Born in 1977 in Mali. A native of Ségou, he studied at the Institut National des Arts of Bamako. Sanogo’s works are a homage to the Bambara proverbs of his birthplace. His art and times serve to understand the past. Freed from his academic training, Sanogo focuses on shape and colour. By applying straightforward colour planes Sanogo offers a critique of Malian society caught up between tradition and modernity. Thus, promoting a right to distance himself from European ethnographic tradition and the expectations of African contemporary art. The simplified, expressionless figures Sanogo places in a bare environment are the sign of a young but mature artist.
Bambo Sibiya (born in 1986, South Africa), Untitled, 2017. Mixed media on canvas, 250 × 140cm. Estimate: 6.000 / 9.000€
Born in 1986, in Springs, near Johannesburg, South Africa. Sibiya’s work tells the story of the apparition of a subculture born in the townships. During Apartheid, many young men and women left the rural areas for Johannesburg, searching for a better life. In addition to facing the hardships implemented by the government, they had to deal with their own social issues.
Fascinated by the way a migrant society survives away from home, Sibiya looks towards the Swenkas. In order to convey an image of success to their families, these working-class men from the countryside adorn themselves with elegant suits, parade and show a positive image to their families. During these elegance contests, the Swenkas also share the common values of cleanliness, sobriety, and self- respect. The healthy and humoristic competition allows for certain happiness in a grim situation.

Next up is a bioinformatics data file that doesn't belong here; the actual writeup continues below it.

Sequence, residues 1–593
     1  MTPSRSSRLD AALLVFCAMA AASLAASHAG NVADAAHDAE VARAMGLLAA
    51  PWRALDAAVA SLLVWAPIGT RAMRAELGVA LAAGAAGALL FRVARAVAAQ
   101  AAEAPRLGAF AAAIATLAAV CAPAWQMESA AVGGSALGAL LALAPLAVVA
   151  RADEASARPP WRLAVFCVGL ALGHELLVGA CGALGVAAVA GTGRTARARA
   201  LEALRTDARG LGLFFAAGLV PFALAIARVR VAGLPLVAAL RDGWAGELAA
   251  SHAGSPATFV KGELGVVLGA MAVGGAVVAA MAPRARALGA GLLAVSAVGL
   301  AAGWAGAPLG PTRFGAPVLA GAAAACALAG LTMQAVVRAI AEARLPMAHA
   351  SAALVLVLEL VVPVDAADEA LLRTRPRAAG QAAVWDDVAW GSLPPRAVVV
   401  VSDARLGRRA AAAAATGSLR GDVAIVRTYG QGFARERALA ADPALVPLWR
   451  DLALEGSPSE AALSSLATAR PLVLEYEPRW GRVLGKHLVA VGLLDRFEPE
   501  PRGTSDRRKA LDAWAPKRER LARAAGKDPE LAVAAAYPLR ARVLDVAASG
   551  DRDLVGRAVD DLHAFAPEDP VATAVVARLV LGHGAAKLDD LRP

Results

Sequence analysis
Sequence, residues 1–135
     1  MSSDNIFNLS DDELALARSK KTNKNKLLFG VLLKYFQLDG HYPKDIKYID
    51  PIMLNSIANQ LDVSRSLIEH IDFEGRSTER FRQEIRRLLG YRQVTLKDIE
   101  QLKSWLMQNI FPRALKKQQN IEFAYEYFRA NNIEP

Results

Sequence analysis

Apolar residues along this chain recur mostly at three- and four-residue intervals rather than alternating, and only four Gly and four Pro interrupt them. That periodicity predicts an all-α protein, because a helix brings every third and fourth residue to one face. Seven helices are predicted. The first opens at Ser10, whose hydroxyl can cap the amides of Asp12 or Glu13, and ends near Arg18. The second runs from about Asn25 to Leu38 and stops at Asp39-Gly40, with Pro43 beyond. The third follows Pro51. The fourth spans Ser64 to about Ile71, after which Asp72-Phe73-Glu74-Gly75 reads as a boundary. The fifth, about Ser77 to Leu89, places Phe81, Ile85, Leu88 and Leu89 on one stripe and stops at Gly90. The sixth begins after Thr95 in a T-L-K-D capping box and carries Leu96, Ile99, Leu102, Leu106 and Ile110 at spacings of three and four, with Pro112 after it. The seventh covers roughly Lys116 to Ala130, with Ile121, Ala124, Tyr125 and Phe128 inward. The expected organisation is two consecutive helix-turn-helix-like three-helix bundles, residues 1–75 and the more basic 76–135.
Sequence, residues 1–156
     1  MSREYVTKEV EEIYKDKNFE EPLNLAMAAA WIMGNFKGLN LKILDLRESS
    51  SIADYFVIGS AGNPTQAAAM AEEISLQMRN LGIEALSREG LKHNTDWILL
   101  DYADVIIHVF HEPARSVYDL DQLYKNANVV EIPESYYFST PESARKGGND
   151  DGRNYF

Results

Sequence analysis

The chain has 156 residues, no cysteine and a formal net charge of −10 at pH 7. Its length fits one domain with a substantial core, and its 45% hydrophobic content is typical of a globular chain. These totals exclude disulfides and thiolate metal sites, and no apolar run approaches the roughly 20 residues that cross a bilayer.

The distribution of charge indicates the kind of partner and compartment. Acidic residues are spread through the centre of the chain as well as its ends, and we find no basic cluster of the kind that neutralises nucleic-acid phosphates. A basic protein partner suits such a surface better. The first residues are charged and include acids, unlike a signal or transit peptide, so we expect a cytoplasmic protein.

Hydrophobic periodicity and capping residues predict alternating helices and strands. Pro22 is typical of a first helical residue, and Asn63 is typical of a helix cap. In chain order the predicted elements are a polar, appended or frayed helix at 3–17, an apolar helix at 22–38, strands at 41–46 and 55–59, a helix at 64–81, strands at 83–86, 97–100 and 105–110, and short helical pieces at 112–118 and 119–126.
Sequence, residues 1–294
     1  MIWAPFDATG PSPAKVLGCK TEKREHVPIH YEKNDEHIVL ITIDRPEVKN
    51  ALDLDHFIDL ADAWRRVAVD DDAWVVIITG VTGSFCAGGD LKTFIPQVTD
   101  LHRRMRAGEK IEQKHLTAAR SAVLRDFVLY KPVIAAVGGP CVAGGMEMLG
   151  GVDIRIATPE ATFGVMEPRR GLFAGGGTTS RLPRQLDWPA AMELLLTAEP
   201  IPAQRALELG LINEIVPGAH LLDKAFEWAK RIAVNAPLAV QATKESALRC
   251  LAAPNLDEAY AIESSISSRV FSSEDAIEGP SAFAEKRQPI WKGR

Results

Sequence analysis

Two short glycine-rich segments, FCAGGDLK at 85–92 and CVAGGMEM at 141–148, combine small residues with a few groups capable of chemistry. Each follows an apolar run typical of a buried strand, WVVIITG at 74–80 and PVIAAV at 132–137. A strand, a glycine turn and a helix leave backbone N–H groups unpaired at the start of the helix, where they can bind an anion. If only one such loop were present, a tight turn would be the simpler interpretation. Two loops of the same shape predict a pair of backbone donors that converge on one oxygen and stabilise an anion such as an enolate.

Sibiya has worked with the greatest names of the South African art scene: William Kentridge, Norman Catherine, and Diane Victor. His technique draws upon engraving methods. His vivid compositions are made with acrylic and charcoal, applied through pieces of lace.
Mohamed Saïd Chair (born in 1989, Marocco), Man and Lady. Acrylic on canvas, 120 × 140cm. Estimate: 4.000 / 6.000€
MOHAMED SAÏD CHAIR
Mohamed Saïd Chair was born in 1989 in Tanger. After studying economics, he worked for two years as a financial advisor, before embracing entrepreneurship and creating a distribution company. Simultaneously, he developed his passion for painting. Self-made, he was encouraged by his architect mother when he decided to become a full-time artist.